Biology; Chemistry; Endothelium, Vascular; Organic Chemicals; Pharmacology; Regeneration; Wound Healing; Keratinocytes; Endothelial Cells; Wnt Signaling Pathway
Biochemistry, Biophysics and Structural Biology: Cell Cycle and Signal Transduction | Drug Design, Discovery and Mechanism
Stem Cells and Tissue Repair
We use a combination of biochemistry, molecular biology, and bio-organicchemistry to explore different aspects of developmental and cell biology. Different projects include 1) the exploration of salamander limb regeneration with the goal of applying this knowledge to the possibility of mammalian regeneration, and 2) the exploration of how biologically active compounds from nature work in order to identify new probes for cell biology as well as identify novel drug targets.
Specialized Terms: Limb regeneration; wound epidermis; blastema; natural product mode of action studies; angiogenesis; Wnt signaling; protein turnover; protein kinase regulation
Extensive Research Description
Among tetrapods, urodele amphibians such as Mexican salamanders (aka axolotls) have the unique ability to regenerate missing lens, tails, jaws, and tails. This epimorphic phenomenon begins with the closure of the wound via migration of the existing surrounding epidermis, which over the course of several days becomes an unique structure known as the Regenerative Epidermis (RE). The RE is required for regeneration since its removal prevents limb regrowth; however, it is unclear if the RE plays a 'permissive' or an 'inductive' role in the generation of the undifferentiated cell mass (aka blastema) that accumulates under the RE. We have recently identified 124 genes that are expressed 1.5x more highly in the RE relative to non-regenerating, wound healing epidermis. We are currently exploring several of these secreted and membrane-bound proteins to determine if they play an inductive role in cellular dedifferentiation (i.e., blastema formation). If so, this induction of adult dedifferentiated cells could be considered a natural analogy to the generation of iPS cells in cell culture.In addition to our interest in regenerative medicine, we are also developing novel reagents, which will allow us to explore new areas in cell biology. This 'chemical genetic' approach uses biologically active natural products and de novo designed small molecules to identify critical components in intracellular processes. In the past few years, our efforts have focused on anti-angiogenic, antitumor and anti-inflammatory natural products. More recently, we have explored the use of small molecules to control intracellular protein levels, either by inhibiting their degradation or by inducing their proteolysis via the 26S proteasome. A goal of this research is to develop novel methodologies that would allow for small molecule control of the 'undruggable proteome'.Salamander Limb Regeneration: We studying the role of regeneration-specific genes in inducing cellular dedifferentiation.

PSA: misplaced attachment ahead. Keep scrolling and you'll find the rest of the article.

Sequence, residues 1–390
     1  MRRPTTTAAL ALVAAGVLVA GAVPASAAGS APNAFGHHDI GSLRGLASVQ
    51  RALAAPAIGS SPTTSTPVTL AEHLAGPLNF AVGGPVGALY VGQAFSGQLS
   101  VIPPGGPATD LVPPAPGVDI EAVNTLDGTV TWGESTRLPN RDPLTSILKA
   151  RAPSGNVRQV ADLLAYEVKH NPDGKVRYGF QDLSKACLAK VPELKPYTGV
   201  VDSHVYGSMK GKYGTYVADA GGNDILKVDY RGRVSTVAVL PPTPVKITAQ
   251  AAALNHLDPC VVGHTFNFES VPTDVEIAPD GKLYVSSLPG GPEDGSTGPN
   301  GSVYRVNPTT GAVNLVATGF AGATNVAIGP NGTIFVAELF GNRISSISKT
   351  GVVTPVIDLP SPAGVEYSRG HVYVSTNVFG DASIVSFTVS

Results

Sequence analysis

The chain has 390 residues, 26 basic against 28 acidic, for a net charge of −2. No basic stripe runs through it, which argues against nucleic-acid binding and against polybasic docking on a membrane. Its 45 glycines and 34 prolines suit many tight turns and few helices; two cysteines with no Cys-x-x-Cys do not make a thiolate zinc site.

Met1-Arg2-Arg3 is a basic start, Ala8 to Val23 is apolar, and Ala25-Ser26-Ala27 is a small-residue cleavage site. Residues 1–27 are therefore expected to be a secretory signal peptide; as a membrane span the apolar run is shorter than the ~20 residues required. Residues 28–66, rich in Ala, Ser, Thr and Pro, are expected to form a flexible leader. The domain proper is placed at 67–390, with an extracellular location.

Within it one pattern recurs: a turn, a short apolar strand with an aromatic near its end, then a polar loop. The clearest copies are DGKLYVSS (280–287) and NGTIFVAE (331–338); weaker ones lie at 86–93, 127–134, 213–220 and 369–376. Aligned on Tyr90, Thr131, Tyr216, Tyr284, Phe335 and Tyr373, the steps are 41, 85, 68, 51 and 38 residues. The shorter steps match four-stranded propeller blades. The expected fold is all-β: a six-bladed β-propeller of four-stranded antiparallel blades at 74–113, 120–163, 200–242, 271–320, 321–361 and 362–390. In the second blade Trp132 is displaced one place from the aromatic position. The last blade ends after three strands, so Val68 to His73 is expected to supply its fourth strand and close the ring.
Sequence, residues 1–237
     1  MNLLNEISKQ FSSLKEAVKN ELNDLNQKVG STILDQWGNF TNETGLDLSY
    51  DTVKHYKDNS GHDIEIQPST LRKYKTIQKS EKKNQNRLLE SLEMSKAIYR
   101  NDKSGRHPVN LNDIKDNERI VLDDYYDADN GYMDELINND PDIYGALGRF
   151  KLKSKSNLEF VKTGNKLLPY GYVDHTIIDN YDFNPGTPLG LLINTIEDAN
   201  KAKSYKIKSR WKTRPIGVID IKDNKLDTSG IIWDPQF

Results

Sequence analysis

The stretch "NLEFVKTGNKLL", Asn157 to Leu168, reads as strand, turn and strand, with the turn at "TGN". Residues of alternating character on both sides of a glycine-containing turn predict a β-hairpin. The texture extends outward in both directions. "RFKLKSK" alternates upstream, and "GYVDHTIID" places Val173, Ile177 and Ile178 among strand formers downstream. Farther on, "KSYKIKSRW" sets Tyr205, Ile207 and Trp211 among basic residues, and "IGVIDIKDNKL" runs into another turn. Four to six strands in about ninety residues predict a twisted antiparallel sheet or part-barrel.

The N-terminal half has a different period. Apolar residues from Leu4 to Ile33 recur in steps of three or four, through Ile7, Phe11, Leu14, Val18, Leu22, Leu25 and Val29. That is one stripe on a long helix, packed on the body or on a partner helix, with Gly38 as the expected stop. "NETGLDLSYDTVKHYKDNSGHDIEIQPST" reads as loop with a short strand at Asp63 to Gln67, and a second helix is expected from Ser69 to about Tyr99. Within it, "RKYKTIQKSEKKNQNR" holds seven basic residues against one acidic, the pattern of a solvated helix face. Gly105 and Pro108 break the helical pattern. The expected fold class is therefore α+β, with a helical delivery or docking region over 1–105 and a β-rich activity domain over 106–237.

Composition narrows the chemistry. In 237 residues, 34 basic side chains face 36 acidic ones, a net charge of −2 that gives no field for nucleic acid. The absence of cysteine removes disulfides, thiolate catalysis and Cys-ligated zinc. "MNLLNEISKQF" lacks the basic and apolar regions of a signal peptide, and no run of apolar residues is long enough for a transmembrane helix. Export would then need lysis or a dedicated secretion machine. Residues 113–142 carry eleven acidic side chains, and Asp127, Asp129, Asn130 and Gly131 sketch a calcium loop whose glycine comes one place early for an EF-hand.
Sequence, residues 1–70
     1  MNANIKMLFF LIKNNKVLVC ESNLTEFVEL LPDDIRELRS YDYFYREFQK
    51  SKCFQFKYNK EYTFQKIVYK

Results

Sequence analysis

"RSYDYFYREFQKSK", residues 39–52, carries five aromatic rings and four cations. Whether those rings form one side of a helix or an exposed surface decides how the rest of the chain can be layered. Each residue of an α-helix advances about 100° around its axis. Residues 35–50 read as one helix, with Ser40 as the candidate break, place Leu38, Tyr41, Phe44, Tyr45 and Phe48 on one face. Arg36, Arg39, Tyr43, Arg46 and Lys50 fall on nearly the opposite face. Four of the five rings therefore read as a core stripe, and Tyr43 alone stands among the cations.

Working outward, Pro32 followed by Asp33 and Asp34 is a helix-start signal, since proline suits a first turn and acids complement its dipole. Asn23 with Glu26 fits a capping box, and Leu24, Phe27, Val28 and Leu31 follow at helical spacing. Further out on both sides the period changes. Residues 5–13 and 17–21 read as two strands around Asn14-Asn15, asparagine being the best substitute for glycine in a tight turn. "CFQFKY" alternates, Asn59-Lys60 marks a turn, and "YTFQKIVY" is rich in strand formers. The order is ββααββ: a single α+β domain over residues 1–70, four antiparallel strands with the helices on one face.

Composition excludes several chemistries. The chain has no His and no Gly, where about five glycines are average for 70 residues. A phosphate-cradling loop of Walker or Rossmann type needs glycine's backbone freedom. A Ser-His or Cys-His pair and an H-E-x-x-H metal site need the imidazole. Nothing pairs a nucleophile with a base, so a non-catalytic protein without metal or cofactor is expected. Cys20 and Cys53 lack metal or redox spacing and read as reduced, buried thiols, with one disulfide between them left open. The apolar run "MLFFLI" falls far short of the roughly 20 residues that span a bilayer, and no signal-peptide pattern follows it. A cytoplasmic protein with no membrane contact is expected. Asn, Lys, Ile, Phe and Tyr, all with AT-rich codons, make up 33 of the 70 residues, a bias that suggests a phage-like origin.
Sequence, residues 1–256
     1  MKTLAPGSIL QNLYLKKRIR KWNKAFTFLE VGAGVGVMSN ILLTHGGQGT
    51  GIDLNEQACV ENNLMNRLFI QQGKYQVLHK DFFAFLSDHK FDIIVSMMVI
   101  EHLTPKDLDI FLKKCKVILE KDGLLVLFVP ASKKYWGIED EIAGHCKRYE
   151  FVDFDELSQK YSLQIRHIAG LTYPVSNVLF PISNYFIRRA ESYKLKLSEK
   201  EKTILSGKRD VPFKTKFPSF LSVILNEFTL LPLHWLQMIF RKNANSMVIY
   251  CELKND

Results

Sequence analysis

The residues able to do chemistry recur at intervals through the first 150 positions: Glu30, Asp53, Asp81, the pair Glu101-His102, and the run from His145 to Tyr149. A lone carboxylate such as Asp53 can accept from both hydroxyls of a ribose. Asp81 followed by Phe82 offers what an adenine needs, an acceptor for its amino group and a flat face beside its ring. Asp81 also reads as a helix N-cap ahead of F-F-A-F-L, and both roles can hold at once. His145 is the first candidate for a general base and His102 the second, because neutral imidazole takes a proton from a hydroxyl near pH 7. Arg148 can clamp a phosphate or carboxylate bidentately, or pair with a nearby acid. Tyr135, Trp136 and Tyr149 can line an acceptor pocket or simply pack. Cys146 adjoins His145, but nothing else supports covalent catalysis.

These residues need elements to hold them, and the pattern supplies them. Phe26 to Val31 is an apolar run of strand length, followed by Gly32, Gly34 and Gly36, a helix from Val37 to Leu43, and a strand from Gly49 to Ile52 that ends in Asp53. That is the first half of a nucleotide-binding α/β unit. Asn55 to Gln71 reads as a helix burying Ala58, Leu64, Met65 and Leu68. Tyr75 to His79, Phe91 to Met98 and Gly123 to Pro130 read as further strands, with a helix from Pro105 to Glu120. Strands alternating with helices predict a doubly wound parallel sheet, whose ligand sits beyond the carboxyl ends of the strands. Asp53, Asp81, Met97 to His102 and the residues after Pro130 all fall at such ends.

Inducing Protein Turnover: We are developing new methodologies to use cell-permeable small molecules as inducers of targeted protein degradation.